What follows is comments by Dr. Shiv Sastry to a twitter comment (via/based on another blog article).
Deliberate or not, such nonsense is been repeated time and again.
Dr. Shiv Sastry responds, aptly, via two referenced journal articles.
(I am reproducing it for general reading but also as handy reference when eventually I get around the use of the genetic evidence for corroborating (and as appropriate – falsifying) various theories related to ancient Indian history)
Here it goes….
1 can estimate that approximately at least 50% of the Y-chromosomes of varNa populations as a group originated from invading Aryan males
Dr. SS comments… (very apt)
Sengupta S, Zhivotovsky LA, King R, Mehdi SQ, Edmonds CA, Chow CE et al. (2006) Polarity and tem-
porality of high-resolution y-chromosome distributions in India identify both indigenous and exogenous
expansions and reveal minor genetic influence of Central Asian pastoralists. Am J Hum Genet 78:202–221.
Although considerable cultural impact on social hierarchy and language in South Asia is attributable to the arrival
of nomadic Central Asian pastoralists, genetic data (mitochondrial and Y chromosomal) have yielded dramatically
conflicting inferences on the genetic origins of tribes and castes of South Asia. We sought to resolve this conflict,
using high-resolution data on 69 informative Y-chromosome binary markers and 10 microsatellite markers from
a large set of geographically, socially, and linguistically representative ethnic groups of South Asia. We found that
the influence of Central Asia on the pre-existing gene pool was minor. The ages of accumulated microsatellite
variation in the majority of Indian haplogroups exceed 10,000–15,000 years, which attests to the antiquity of
regional differentiation. Therefore, our data do not support models that invoke a pronounced recent genetic input
from Central Asia to explain the observed genetic variation in South Asia. R1a1 and R2 haplogroups indicate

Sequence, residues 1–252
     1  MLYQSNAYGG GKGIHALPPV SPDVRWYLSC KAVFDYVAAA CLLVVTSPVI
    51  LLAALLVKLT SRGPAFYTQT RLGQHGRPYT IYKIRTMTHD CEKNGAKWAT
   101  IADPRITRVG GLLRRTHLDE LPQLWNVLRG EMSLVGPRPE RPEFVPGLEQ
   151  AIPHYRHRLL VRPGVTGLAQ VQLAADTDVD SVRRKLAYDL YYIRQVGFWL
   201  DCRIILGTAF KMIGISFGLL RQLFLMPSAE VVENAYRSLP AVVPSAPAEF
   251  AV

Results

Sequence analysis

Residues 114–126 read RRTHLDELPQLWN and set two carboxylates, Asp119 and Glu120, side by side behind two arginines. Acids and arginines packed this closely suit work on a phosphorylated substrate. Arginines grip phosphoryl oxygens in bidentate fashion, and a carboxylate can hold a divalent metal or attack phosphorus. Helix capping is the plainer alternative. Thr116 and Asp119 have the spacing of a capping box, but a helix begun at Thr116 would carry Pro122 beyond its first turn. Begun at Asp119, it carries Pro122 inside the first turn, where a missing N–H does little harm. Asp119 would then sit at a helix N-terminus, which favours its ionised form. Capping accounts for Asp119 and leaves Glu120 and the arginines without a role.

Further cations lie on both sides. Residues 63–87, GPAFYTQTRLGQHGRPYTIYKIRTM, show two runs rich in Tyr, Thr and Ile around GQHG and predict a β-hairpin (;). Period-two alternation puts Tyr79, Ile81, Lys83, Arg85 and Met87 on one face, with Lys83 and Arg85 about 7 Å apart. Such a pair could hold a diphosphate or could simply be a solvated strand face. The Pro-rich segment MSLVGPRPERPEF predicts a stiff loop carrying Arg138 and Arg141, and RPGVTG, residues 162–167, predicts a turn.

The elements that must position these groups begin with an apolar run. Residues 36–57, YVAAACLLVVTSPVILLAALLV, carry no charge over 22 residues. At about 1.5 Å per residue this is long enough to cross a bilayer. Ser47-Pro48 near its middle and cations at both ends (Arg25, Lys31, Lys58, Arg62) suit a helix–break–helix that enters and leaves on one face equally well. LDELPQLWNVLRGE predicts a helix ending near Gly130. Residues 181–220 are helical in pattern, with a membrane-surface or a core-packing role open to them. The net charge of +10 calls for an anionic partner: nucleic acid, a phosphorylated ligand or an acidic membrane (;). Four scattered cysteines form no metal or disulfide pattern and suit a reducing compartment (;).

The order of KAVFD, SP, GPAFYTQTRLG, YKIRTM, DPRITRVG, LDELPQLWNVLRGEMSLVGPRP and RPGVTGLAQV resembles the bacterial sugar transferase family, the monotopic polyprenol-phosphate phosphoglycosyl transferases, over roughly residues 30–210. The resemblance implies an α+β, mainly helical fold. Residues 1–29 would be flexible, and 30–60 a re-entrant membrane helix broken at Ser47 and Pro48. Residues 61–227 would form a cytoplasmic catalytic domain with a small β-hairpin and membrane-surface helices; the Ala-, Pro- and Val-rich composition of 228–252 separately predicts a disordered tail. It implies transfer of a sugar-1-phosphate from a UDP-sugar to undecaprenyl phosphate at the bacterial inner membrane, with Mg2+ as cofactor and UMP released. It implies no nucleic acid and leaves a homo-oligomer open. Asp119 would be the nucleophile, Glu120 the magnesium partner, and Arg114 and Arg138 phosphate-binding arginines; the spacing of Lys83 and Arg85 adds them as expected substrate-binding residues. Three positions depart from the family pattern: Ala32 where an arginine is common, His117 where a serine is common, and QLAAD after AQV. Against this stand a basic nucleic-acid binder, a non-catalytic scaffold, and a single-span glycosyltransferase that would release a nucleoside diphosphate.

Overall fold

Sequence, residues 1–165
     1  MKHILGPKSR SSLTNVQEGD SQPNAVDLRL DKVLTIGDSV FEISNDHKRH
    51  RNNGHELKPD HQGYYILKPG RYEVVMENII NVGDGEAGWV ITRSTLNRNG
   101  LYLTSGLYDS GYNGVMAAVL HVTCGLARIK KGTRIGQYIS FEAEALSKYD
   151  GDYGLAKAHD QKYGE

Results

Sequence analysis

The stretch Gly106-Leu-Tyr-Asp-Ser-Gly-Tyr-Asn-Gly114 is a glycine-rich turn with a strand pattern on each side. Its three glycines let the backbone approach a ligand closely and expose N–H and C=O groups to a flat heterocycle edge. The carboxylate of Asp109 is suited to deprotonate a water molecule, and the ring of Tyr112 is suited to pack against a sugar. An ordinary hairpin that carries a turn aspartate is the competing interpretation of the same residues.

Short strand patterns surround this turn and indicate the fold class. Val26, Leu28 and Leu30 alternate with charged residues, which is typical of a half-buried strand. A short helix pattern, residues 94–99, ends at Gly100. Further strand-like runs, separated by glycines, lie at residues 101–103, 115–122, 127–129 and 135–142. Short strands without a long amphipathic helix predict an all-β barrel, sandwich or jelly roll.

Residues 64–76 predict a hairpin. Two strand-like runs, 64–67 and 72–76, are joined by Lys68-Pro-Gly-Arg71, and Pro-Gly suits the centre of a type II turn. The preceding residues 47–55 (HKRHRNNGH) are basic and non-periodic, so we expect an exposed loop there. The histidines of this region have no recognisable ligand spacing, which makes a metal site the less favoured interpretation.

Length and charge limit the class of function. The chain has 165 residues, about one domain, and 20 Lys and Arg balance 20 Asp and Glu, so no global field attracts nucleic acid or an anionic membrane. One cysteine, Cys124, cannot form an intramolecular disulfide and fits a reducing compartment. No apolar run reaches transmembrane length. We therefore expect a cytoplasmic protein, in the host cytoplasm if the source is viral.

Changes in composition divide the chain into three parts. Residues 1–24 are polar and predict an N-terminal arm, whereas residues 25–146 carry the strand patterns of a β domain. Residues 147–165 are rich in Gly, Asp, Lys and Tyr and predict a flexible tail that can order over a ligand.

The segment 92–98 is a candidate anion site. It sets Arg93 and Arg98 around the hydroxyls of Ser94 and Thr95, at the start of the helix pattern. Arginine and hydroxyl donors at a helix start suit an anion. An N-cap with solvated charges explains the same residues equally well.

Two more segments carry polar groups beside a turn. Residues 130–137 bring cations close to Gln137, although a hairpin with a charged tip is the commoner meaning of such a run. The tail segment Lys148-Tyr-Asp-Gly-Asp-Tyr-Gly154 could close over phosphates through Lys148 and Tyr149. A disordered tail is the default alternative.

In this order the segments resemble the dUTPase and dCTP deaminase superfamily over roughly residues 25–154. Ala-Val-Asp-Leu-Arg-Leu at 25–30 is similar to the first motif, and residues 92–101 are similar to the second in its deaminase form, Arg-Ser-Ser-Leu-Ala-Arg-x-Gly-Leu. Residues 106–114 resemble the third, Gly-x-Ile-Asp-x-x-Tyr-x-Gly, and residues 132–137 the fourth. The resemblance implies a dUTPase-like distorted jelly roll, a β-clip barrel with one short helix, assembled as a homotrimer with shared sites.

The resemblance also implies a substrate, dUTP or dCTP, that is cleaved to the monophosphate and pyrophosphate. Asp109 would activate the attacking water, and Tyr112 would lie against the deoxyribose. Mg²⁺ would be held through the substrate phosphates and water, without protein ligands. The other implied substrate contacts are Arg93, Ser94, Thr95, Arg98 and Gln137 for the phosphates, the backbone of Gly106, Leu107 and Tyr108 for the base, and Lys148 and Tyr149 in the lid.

demographic complexity that is inconsistent with a recent single history. Associated microsatellite analyses of the
high-frequency R1a1 haplogroup chromosomes indicate independent recent histories of the Indus Valley and the
peninsular Indian region. Our data are also more consistent with a peninsular origin of Dravidian speakers than
a source with proximity to the Indus and with significant genetic input resulting from demic diffusion associated
with agriculture. Our results underscore the importance of marker ascertainment for distinguishing phylogenetic
terminal branches from basal nodes when attributing ancestral composition and temporality to either indigenous
or exogenous sources. Our reappraisal indicates that pre-Holocene and Holocene-era—not Indo-European—expansions have shaped the distinctive South Asian Y-chromosome landscape.
Kivisild T, Rootsi S, Metspalu M, Mastana S, Kaldma K, Parik J et al. (2003) The genetic heritage of the
earliest settlers persists both in Indian tribal and caste populations. Am J Hum Genet 72: 313–332.
Two tribal groups from southern India—the Chenchus and Koyas—were analyzed for variation in mitochondrial
DNA (mtDNA), the Y chromosome, and one autosomal locus and were compared with six caste groups from
different parts of India, as well as with western and central Asians. In mtDNA phylogenetic analyses, the Chenchus
and Koyas coalesce at Indian-specific branches of haplogroups M and N that cover populations of different social
rank from all over the subcontinent. Coalescence times suggest early late Pleistocene settlement of southern Asia
and suggest that there has not been total replacement of these settlers by later migrations. H, L, and R2 are the
major Indian Y-chromosomal haplogroups that occur both in castes and in tribal populations and are rarely found
outside the subcontinent. Haplogroup R1a, previously associated with the putative Indo-Aryan invasion, was found
at its highest frequency in Punjab but also at a relatively high frequency (26%) in the Chenchu tribe. This finding,
together with the higher R1a-associated short tandem repeat diversity in India and Iran compared with Europe
and central Asia, suggests that southern and western Asia might be the source of this haplogroup. Haplotype frequencies of the MX1 locus of chromosome 21 distinguish Koyas and Chenchus, along with Indian caste groups, from European and eastern Asian populations. Taken together, these results show that Indian tribal and caste populations derive largely from the same genetic heritage of Pleistocene southern and western Asians and have received limited gene flow from external regions since the Holocene. The phylogeography of the primal mtDNAand Y-chromosome founders suggests that these southern Asian Pleistocene coastal settlers from Africa would have provided the inocula for the subsequent differentiation of the distinctive eastern and western Eurasian gene pools